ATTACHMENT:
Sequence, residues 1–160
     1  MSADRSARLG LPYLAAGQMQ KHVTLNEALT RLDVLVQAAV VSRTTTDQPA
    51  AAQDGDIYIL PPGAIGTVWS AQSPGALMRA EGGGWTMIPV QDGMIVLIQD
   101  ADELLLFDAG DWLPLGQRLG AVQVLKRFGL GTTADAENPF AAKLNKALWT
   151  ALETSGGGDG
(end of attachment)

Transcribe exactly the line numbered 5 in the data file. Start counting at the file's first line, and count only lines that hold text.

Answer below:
   151  ALETSGGGDG